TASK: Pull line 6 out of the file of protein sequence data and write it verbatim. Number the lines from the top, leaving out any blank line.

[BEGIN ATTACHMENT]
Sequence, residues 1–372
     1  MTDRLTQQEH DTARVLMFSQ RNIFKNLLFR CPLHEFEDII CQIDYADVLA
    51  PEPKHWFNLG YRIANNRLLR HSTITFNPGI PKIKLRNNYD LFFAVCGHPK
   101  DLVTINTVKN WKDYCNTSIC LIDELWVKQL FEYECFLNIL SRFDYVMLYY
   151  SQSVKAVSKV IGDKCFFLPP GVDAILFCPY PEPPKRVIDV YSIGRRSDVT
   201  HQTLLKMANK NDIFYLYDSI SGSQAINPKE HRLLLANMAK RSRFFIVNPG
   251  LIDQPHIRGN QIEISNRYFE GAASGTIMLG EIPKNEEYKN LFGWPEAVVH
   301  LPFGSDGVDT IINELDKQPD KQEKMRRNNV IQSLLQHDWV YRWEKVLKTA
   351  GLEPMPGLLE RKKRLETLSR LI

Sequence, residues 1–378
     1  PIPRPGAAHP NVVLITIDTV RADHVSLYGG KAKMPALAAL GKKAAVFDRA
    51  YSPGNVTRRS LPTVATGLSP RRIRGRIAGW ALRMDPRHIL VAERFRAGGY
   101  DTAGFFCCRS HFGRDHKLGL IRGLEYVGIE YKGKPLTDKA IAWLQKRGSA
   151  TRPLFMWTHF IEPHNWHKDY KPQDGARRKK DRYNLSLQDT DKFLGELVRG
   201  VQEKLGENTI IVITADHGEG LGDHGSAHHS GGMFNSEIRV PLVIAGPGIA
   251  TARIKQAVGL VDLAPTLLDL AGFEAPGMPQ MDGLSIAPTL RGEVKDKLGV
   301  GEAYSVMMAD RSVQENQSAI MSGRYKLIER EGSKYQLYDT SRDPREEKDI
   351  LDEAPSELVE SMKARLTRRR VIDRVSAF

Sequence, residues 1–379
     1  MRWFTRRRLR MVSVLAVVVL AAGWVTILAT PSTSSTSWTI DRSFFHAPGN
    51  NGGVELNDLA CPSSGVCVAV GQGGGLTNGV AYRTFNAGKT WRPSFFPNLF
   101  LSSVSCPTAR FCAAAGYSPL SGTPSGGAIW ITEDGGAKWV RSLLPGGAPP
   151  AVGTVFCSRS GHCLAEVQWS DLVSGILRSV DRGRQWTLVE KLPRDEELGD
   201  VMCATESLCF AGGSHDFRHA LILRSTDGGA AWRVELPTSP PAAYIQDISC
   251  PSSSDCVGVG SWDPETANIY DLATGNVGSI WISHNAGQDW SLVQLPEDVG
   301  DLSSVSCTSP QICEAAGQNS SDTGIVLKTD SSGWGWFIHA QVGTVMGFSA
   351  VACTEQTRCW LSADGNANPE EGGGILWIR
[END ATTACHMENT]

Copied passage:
   201  HQTLLKMANK NDIFYLYDSI SGSQAINPKE HRLLLANMAK RSRFFIVNPG